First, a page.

crazy Labour government!

  7. Anonymous Coward
    Anonymous Coward


    Come on El Reg lads. Some of you have been in the army. You know what "voluntary" means.

    It is plain that the government isn't going to get its filtering legislation through, even if it paints every single opposing senator as akin to a kiddy-fiddler.

    So Conroy is hinting that the government is going to attempt to add filtering to the industry Code of Practice which binds ISPs. This is a Code of Practice repeatedly mentioned in the Telecommunications Act, so although its not a legislative instrument, it's not that distant from law either.

    It's a voluntary code in the sense that if if you don't want to be a retail ISP, then you don't need to agree to it.

    Note that the code applies to ISPs -- not to users. So Jane Bloggs' Internet access will still be filtered -- she doesn't get to decide whether to volunteer or not.

    An addition to the Code usually requires the agreement of the Internet Industry Association (although the Telco Act allows for the government to add whatever it damn well pleases to the Code if the IIA doesn't roll over). Bit surprised your reporter didn't seek comment from them -- perhaps the Editor will volunteer the reporter to do that :-)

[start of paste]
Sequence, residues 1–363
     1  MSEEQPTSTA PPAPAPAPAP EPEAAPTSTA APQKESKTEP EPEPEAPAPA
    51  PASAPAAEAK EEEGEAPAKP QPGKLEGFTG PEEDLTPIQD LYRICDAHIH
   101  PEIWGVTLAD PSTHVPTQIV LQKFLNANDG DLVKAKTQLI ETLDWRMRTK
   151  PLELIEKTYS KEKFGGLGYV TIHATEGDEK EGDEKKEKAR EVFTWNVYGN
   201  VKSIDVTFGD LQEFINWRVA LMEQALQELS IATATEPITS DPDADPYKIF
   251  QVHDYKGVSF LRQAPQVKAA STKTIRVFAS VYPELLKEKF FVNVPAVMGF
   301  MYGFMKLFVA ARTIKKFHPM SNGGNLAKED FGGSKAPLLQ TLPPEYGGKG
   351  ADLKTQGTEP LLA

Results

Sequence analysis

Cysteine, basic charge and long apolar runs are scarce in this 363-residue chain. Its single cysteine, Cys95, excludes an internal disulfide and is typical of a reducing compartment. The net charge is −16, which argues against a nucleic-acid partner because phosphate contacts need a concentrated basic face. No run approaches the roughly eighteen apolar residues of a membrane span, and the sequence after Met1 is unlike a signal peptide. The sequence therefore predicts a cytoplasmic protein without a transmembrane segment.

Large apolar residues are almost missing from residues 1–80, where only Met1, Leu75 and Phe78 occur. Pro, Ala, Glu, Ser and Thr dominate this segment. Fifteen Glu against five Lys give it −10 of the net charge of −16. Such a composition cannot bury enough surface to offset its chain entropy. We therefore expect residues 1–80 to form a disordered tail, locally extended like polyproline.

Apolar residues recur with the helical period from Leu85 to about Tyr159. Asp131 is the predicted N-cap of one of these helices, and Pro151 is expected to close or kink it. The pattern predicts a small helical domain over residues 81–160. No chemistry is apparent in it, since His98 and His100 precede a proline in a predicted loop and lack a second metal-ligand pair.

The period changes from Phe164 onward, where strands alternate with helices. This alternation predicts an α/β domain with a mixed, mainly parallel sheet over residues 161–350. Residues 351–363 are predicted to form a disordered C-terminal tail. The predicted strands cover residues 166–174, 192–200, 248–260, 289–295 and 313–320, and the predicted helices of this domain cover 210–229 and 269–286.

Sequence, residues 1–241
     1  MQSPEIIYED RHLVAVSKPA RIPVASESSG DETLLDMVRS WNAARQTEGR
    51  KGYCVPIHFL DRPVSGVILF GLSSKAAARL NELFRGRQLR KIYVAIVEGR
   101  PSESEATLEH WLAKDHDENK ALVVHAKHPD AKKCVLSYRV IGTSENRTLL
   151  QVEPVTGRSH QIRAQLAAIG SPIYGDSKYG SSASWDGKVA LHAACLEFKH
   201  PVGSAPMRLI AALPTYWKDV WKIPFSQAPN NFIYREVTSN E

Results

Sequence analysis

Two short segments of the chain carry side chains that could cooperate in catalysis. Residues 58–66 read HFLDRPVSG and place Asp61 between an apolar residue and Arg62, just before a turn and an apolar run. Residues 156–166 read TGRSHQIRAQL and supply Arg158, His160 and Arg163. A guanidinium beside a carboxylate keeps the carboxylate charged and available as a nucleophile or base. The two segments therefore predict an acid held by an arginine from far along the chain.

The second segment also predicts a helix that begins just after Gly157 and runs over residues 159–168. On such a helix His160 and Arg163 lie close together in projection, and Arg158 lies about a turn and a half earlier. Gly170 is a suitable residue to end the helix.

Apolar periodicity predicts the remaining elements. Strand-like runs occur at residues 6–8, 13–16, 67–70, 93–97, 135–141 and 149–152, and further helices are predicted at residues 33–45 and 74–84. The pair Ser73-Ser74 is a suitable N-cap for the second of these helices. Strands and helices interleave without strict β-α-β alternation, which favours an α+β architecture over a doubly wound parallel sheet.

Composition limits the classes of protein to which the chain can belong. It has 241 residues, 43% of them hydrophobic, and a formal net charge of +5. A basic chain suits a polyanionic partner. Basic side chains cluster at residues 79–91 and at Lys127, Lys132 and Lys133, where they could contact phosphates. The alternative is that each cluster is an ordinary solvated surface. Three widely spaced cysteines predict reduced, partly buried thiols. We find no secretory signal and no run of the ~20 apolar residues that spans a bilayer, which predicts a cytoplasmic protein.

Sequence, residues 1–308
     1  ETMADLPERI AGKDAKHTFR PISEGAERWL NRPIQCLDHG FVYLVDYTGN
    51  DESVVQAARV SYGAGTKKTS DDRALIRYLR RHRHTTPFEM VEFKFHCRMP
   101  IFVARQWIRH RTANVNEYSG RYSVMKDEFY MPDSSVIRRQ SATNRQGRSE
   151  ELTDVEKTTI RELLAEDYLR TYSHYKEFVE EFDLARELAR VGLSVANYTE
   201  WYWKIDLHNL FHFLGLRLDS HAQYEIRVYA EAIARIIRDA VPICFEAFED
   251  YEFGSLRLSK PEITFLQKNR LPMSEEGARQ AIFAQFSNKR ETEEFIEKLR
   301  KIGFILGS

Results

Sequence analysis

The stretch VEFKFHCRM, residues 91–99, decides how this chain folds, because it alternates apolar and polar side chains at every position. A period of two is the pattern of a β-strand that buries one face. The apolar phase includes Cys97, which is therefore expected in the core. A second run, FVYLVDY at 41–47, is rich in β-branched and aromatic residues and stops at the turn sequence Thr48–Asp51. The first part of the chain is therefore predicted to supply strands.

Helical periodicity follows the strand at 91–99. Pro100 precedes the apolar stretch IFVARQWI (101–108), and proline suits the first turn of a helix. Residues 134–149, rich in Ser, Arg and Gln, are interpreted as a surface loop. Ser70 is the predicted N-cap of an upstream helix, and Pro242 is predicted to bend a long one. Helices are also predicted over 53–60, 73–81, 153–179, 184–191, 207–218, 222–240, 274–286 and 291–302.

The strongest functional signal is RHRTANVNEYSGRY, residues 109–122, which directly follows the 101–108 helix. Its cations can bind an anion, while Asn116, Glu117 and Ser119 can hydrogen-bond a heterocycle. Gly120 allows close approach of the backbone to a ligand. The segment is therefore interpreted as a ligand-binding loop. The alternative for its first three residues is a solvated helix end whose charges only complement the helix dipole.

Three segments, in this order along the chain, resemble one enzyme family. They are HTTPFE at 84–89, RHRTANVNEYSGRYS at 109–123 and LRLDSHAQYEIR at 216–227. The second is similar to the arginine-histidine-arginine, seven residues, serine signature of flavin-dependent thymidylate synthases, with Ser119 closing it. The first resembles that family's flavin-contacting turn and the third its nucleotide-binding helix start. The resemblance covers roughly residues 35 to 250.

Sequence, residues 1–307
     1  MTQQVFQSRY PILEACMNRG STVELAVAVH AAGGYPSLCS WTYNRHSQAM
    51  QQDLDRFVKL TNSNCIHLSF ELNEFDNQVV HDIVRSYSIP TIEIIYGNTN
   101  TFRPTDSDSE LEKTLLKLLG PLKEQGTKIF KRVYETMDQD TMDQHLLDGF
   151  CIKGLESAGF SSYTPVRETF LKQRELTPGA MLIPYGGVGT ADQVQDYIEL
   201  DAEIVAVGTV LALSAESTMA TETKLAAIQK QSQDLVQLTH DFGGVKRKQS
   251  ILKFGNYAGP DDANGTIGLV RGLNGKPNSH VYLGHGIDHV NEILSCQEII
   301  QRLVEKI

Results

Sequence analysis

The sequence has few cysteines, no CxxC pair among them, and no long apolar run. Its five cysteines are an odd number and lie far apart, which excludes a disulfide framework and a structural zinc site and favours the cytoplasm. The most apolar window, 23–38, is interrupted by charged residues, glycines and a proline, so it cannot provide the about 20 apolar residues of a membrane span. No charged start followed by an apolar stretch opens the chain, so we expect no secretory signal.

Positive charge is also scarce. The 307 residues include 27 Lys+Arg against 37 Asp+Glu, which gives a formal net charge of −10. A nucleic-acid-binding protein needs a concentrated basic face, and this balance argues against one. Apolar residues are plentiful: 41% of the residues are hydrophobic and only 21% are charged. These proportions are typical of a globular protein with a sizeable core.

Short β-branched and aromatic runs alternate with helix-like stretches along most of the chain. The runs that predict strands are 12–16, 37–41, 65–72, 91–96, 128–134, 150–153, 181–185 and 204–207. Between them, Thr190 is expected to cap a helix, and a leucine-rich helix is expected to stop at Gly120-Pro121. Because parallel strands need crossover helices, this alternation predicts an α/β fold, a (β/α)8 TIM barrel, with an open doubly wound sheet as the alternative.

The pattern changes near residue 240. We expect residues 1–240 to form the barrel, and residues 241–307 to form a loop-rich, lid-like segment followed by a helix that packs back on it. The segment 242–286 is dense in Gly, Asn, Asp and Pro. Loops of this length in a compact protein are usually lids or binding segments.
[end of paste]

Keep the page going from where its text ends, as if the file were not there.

8. Anonymous Coward
    Anonymous Coward

    Was originally voluntary

    The policy they took to the 2007 election was for a voluntary censorship regime, with the ability for users to opt-in or opt-out.

    The idea of a mandatory filter only developed after the election, when the balance of power in the Senate ended up being controlled by a group of cross-benchers, including a religious-right nutjob and an anti-gambling campaigner. The idea of mandatory blocking of porn and gambling sites was obviously a great bargaining chip for working with those two.

    Unfortunately for the ALP, the balance of power is also controlled by the Greens... who will never support any sort of censorship scheme.

  9. Neoc

    And they're off!

    And the first ISP to refuse to add the "voluntary" filtering will get flooded by churn requests.

  10. Adam White

    Voluntary mandatory system FTL

    This is the end of the Porn Proof Fence.

    Voluntary codes of conduct are something industries engage in to prevent otherwise inevitable govermnent-imposed regulation. In this case government regulation is not inevitable, it is virtually guarenteed not to happen. Therefore there is very little pressure on the ISPs to conform.

    The best Conroy can hope for at this stage is the ISPs will throw him a bone in the form of an opt-in value added filtering service their customer's can choose to buy (with hardware supplied at government expense?). But given the poor relationship between the honourable minister and the ISP community, even that may be too much to ask for.